There is, evidently, a controversy (no, I don't normally read Fox; this was linked from fark) brewing in New Hampshire about a public high school personal finance class where Barbara Ehrenreich's Nickel and Dimed: On (Not) Getting By in America is required reading. The article says that the book is highly offensive and has lots of foul language and a strong political and (anti-)religious agenda. It doesn't get into much detail, except for a single extended quotation, which is supposed, I guess, to be the most offensive part of the book. Perhaps this quotation is somewhat offensive, but we could all benefit from giving it serious consideration rather than a knee-jerk reaction. This is Ehrenreich's response to the experience of attending a church service in Maine:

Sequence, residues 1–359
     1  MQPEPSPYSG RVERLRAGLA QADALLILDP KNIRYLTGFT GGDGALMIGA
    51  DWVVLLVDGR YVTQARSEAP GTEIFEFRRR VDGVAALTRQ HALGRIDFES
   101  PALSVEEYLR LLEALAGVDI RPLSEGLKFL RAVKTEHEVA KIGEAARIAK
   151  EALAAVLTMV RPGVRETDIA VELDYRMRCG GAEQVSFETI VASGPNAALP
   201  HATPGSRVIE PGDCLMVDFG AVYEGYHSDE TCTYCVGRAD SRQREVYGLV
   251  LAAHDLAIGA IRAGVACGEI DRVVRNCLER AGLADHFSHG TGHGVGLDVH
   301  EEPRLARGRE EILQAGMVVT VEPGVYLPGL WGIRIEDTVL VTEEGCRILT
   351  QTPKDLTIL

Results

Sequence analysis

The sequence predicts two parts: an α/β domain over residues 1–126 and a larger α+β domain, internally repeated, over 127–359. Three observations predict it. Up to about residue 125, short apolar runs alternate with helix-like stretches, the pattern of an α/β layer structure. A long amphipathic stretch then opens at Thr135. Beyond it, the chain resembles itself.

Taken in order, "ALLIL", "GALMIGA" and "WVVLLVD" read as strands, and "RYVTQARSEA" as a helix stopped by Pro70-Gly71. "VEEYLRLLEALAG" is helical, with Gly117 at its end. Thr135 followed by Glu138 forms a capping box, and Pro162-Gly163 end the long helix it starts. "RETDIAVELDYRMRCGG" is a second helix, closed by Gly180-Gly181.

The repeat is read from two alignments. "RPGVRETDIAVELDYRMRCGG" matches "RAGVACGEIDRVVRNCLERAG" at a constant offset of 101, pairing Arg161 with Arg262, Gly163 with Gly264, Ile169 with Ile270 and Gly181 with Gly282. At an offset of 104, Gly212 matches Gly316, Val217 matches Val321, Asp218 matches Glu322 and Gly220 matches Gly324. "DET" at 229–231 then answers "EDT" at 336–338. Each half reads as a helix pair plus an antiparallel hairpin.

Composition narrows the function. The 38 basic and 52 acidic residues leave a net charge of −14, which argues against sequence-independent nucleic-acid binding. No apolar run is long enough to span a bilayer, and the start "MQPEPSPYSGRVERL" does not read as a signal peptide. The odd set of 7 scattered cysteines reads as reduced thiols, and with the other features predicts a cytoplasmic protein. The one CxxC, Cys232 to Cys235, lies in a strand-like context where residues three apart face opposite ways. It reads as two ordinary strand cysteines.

It would be nice if someone would read this sad-eyed crowd the Sermon on the Mount, accompanied by a rousing commentary on income inequality and the need for a hike in the minimum wage. But Jesus makes his appearance here only as a corpse; the living man, the wine-guzzling vagrant and precocious socialist, is never once mentioned, nor anything he ever had to say. Christ crucified rules, and it may be that the true business of modern Christianity is to crucify him again and again so that he can never get a word out of his mouth.
Return to blog.kennypearce.net